Antimatter Atomic Physics

See allHide authors and affiliations

Science  05 Nov 2010:
Vol. 330, Issue 6005, pp. 762-763
DOI: 10.1126/science.1197822

You are currently viewing the summary.

View Full Text

Log in to view the full text

Log in through your institution

Log in through your institution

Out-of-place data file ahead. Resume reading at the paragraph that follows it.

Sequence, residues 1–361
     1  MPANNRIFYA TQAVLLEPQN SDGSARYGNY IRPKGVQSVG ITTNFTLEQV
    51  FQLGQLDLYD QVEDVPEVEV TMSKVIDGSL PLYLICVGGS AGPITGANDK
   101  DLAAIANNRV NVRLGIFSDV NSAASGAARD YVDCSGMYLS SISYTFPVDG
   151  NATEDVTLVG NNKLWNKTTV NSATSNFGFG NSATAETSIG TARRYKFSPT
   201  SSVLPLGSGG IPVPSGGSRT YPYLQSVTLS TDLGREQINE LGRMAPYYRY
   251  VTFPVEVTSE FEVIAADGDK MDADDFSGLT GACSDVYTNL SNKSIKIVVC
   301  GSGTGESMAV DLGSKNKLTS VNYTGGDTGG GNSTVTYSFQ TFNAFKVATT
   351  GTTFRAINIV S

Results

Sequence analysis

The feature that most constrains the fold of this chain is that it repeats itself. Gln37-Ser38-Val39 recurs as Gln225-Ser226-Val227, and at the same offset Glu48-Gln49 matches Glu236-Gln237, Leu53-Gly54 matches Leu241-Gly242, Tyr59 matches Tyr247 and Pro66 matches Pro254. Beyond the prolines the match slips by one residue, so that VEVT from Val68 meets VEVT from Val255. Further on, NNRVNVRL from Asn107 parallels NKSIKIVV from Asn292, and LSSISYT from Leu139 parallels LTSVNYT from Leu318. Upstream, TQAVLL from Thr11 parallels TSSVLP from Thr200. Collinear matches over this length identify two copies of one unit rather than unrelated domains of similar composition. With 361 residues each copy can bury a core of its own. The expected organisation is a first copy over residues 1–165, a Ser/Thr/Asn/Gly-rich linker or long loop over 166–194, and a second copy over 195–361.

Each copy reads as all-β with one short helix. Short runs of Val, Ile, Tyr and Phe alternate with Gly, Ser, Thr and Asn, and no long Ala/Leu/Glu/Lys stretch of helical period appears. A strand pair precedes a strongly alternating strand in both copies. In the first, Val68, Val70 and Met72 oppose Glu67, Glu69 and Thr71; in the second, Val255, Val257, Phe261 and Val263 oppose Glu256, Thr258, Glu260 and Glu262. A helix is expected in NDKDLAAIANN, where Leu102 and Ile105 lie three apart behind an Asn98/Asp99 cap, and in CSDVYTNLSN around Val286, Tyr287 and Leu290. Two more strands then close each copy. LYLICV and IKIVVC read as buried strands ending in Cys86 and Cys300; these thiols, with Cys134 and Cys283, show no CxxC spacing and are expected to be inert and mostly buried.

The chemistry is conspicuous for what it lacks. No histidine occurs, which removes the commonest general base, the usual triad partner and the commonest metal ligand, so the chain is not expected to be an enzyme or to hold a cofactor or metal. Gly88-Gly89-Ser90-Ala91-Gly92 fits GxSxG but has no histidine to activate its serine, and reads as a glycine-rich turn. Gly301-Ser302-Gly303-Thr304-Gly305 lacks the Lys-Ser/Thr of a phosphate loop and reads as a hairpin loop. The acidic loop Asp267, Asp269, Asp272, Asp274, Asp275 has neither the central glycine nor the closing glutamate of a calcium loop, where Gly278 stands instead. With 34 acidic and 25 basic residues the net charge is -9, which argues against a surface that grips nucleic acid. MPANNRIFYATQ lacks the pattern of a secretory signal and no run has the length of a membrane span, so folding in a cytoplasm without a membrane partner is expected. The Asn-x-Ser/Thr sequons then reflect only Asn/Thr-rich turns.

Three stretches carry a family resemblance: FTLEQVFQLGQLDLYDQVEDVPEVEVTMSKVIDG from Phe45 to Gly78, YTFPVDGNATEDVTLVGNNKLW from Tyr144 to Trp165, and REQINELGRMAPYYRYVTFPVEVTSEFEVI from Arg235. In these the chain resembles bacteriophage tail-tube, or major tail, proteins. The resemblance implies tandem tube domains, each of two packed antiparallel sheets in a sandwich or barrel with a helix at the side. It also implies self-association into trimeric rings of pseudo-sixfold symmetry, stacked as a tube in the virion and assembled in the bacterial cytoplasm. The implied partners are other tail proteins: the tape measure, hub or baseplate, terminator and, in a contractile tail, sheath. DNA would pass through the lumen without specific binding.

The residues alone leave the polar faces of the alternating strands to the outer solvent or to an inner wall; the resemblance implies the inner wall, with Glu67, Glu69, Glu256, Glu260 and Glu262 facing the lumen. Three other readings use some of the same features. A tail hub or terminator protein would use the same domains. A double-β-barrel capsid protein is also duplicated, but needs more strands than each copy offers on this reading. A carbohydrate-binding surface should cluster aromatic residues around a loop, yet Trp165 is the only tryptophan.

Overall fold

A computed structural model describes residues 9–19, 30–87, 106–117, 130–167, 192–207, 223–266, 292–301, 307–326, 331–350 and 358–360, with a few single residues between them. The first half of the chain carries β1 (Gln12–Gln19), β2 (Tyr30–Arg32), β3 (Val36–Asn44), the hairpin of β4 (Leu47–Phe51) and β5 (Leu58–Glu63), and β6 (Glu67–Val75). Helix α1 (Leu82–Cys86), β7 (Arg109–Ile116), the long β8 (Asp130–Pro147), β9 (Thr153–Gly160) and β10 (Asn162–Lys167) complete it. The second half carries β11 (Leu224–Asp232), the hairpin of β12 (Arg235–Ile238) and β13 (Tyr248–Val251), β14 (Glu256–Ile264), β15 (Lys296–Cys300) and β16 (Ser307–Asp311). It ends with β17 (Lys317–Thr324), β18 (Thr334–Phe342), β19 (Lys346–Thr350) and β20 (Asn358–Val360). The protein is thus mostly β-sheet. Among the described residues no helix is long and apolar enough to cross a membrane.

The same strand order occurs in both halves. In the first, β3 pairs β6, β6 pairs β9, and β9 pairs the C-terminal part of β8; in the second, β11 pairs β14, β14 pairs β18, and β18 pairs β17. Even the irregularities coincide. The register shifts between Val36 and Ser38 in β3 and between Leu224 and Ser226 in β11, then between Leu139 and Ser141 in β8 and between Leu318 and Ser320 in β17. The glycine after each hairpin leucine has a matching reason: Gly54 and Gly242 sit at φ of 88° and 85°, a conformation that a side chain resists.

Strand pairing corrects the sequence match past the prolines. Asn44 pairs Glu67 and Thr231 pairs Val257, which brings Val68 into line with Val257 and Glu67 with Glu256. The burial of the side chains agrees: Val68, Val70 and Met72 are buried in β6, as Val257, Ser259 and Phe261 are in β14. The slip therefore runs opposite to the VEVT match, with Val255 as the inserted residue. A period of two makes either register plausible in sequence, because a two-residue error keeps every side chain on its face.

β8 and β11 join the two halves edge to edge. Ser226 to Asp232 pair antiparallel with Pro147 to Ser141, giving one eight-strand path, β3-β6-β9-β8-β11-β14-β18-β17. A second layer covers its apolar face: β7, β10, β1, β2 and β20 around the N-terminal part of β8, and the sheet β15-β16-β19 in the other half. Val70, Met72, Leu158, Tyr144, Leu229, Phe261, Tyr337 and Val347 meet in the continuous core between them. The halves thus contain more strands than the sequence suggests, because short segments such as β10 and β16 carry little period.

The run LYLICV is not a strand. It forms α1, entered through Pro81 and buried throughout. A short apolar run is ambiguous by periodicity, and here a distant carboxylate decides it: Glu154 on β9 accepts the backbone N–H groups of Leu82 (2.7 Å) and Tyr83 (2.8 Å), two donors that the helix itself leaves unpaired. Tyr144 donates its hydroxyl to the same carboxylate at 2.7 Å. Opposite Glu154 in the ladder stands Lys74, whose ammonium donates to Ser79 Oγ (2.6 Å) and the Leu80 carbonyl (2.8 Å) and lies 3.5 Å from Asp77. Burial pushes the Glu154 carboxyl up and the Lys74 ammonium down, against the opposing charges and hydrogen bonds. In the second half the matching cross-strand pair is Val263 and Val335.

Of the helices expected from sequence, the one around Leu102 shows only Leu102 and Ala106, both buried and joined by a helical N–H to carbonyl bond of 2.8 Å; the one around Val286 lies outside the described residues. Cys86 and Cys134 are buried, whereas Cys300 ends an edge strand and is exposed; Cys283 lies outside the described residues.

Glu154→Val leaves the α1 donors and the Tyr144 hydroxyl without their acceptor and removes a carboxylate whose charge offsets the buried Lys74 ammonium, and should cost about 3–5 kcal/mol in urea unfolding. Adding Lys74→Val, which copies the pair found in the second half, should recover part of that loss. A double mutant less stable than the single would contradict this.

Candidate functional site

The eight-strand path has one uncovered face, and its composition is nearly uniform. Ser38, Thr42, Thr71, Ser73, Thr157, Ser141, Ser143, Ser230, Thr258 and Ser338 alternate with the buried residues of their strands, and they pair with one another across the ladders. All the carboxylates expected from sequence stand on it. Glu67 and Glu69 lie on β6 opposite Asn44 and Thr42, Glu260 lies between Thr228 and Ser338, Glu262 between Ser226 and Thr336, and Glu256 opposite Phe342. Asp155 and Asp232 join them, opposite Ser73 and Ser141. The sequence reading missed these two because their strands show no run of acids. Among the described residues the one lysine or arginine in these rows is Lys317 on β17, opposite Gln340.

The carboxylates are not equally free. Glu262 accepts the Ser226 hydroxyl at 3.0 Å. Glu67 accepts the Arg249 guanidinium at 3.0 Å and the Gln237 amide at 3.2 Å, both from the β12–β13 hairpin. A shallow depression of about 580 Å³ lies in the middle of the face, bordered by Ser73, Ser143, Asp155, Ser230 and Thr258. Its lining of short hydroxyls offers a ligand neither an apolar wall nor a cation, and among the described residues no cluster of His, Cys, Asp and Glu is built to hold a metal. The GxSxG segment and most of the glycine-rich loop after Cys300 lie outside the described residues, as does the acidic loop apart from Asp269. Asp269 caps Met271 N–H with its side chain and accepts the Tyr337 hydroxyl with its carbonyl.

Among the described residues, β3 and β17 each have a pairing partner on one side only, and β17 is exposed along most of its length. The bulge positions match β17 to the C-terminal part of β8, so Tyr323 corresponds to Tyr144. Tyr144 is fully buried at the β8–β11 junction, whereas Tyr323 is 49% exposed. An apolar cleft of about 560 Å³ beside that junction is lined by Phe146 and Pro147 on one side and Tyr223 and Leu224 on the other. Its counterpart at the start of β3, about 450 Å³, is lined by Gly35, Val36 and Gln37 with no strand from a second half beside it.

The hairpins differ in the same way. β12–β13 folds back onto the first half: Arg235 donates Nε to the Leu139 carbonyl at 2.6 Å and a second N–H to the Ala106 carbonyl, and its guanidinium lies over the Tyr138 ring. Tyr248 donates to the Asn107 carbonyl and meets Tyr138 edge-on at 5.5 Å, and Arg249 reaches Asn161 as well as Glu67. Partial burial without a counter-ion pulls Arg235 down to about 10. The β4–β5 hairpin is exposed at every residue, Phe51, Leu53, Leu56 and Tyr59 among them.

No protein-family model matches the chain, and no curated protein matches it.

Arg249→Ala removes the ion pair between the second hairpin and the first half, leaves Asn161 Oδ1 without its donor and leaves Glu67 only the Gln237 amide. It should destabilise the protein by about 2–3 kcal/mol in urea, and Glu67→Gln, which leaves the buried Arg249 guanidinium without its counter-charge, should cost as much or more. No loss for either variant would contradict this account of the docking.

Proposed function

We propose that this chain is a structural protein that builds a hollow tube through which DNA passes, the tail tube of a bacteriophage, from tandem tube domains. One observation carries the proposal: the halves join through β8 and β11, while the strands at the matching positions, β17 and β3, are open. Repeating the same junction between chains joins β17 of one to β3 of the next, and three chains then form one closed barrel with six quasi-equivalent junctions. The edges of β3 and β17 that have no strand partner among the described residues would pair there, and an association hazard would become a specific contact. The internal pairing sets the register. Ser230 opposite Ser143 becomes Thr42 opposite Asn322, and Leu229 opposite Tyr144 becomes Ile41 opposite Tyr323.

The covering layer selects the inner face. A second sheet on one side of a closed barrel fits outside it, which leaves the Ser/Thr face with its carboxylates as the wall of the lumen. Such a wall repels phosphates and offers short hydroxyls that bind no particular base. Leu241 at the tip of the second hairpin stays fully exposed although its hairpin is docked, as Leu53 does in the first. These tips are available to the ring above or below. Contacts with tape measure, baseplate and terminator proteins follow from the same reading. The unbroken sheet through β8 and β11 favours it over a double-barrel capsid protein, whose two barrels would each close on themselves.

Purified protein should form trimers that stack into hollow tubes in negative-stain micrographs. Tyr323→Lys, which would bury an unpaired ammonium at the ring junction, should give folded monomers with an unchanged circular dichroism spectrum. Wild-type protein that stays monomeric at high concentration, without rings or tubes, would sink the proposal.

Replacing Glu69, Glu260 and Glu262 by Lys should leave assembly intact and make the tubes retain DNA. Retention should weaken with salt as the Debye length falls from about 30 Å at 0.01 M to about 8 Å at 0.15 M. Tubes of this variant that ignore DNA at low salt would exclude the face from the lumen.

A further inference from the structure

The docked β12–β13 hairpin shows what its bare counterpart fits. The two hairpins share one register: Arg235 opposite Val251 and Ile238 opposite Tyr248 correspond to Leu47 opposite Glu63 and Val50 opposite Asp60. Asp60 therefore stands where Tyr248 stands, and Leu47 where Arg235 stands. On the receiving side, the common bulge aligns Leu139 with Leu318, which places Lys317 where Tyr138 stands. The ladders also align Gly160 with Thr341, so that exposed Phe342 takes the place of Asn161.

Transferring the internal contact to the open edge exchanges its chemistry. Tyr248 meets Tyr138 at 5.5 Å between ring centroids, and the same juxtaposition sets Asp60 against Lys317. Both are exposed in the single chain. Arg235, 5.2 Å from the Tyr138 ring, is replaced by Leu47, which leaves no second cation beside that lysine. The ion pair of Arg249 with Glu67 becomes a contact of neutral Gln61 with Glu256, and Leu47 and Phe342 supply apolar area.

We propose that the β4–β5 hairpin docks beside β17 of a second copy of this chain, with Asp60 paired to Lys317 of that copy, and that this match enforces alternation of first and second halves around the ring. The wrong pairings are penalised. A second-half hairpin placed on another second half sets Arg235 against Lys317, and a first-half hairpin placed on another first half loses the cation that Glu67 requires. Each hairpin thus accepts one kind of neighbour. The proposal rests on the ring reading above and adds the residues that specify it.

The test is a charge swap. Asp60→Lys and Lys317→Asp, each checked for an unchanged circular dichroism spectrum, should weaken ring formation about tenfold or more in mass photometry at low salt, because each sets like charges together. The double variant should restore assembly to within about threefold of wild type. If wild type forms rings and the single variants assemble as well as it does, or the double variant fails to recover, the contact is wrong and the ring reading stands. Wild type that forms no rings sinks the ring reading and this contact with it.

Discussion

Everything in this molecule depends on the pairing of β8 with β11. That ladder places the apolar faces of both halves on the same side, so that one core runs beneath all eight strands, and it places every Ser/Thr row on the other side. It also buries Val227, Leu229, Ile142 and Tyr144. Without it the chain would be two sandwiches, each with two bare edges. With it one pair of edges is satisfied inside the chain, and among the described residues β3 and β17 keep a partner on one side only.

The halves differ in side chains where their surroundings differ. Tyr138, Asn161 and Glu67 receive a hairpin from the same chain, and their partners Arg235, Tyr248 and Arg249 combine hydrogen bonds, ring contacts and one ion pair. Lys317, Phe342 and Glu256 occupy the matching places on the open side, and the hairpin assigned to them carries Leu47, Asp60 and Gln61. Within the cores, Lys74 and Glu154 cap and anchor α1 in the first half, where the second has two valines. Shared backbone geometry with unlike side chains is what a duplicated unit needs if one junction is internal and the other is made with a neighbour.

Positronium (Ps), the bound state of an electron and its antiparticle, the positron, is the lightest neutral atomic species. The atomic nucleus is replaced by a positron that has only 1/1836 the mass of a proton. One way to characterize Ps atoms is to study how they scatter off other atoms and molecules, and it would be reasonable to expect Ps scattering to be some kind of coherent combination of electron and positron scattering. On page 789 of this issue, Brawley et al. (1) show experimentally that for impact energies up to 250 eV (2), Ps scatters as if it were just a free electron moving at the same speed. This result implies that the positron's interaction with the target is somehow “cloaked.” Whether each component of the total scattering, for example, the ionization contribution, is cloaked, or whether cancellation effects are at work, remains an outstanding and substantial theoretical challenge.